THE BASQUE WHALING BOAT04/5/2020
✅ THE ACTIVITY
Whaling boats - or scoops - feature on the coats-of-arms of the towns of Basque Country like Hondarribia, Guipuzcoa, Bermeo and Biarritz, dating from the thirteenth and fourteenth centuries, some indication of how long the history of Basque whaling stretches back. The Basques used harpoons, requiring them to get within a few metres of the whales – evidence not only of the bravery and skill of the crew, but also of the speed and manoeuvrability of the vessel.
✅ THE DISCOVERY
Some basque whaling boats from the sixteenth century were recovered at Red Bay, Newfoundland and Labrador by archaeologists from Parcs Canada, in underwater excavations of the San Juan whaleship, sunk in 1565. This is the oldest whaling boat known and is in the Basque whaling museum at the Red Bay National Historic Site.
➡️ More about the investigation process: http://www.albaola.com/en/site/investigation-process
✅ THE CHARACTERISTICS
Thanks to the sixteenth-century basque whaling boats discovered in Red Bay, we now have detailed information on the vessels that played a central role in one of the most heroic episodes in basque maritime history.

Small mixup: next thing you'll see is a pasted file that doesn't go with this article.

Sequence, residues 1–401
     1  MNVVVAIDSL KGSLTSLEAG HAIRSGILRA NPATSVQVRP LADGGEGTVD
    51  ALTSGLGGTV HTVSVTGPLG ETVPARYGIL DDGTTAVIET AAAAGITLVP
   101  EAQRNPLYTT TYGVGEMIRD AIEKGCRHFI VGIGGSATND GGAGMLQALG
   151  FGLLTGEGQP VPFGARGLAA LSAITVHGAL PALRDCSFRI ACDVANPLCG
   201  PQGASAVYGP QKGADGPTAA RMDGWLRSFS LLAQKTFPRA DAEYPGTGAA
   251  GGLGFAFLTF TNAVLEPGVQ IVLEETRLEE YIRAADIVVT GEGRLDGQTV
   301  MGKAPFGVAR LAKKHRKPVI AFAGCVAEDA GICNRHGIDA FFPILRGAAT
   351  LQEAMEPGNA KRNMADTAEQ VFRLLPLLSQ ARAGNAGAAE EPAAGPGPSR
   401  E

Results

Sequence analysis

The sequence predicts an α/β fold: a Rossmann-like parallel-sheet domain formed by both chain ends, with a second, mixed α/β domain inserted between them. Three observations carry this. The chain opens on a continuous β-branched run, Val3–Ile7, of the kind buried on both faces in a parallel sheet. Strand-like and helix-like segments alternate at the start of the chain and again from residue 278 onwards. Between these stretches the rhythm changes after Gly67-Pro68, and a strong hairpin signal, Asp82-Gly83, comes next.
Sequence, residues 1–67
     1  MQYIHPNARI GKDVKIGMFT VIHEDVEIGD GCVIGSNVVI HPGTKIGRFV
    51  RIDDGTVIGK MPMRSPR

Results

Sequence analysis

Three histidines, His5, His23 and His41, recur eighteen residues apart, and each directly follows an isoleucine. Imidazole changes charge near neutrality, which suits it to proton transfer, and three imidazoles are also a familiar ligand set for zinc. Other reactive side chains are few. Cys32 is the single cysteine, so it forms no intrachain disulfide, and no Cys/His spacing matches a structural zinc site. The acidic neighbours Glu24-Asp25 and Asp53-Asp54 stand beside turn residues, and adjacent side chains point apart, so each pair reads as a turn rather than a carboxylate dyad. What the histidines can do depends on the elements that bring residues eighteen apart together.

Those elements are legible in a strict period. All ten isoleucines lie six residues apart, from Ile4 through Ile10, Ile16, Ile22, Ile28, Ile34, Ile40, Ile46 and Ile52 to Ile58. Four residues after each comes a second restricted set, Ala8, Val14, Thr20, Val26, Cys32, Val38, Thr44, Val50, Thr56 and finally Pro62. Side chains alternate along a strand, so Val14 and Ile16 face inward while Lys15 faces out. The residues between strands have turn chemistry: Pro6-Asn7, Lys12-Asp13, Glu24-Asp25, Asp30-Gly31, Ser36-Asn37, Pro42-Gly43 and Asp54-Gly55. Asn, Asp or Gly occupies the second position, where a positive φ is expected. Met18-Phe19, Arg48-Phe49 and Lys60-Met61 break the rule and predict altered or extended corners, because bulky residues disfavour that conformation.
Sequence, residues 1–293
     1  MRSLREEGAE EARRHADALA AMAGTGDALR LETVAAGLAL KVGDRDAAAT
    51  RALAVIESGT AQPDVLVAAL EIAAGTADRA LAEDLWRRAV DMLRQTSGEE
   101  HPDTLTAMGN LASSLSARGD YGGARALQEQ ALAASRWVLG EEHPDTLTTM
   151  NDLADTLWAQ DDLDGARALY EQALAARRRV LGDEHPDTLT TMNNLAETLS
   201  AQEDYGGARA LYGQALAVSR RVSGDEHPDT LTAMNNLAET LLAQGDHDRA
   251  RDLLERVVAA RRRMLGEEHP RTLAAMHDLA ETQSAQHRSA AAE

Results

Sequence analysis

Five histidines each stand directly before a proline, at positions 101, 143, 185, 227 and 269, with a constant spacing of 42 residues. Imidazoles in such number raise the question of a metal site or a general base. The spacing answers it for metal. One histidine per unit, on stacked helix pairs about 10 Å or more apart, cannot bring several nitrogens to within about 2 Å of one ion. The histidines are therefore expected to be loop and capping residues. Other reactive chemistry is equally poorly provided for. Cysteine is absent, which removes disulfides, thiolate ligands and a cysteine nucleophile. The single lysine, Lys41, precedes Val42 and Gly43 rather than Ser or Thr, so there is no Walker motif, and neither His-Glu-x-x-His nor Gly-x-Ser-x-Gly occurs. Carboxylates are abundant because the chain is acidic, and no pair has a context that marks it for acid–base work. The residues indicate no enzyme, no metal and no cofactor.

These txalupas were multi-purpose vessels, and were also used for fishing. She is eight metres in length and two in the beam. She is built primarily of oak, and the most striking feature of her design is that it combines the two systems: clinker-built above the waterline and carvelled below it. She sported a fore mast and main mast, and had a crew of six oarsmen (included the harpooner) and a captain.
By the sixteenth century, the basque whaling boat had already reached a very high degree of design sophistication. In later centuries it was adopted by other seafaring cultures, who maintained and adapted the principal features. Once such example was the New Bedford whaling boat, made famous throughout the world by Herman Melville’s novel Moby Dick. The American boat was in turn adapted locally in the Azores for hunting whales, and continued to be used into the twentieth century. It is still used as a racing vessel.
✅ LA CHALUPA BALLENERA BUILT BY ALBAOLA
"Beothuk" is a replica of the Red Bay whaling boat, built by the Albaola Association at the Ontziola Traditional Vessel Research and Construction Centre located in this time at Pasai San Juan (now Albaola Itsas Kultur Faktoria). This vessel, made to plans provided by Parcs Canada, was put to the test in an experimental archaeological voyage off the coast of Newfoundland in 2006; she travelled over 2,000 kilometres. We will writte about this aventure in a next post.
Ilustración "La chalupa vasca" vía El Trotamanteles
Ilustración sin título National Geographic Julio 2018 & Albaola Itsas Kultur Faktoria by Fernando Baptista
✅To read more all the information in the book "BERTAN 23: Our Boats". Texts by Xabier Agote and edition of Gipuzkoako Foru Aldundia - Provincial Council of Gipuzkoa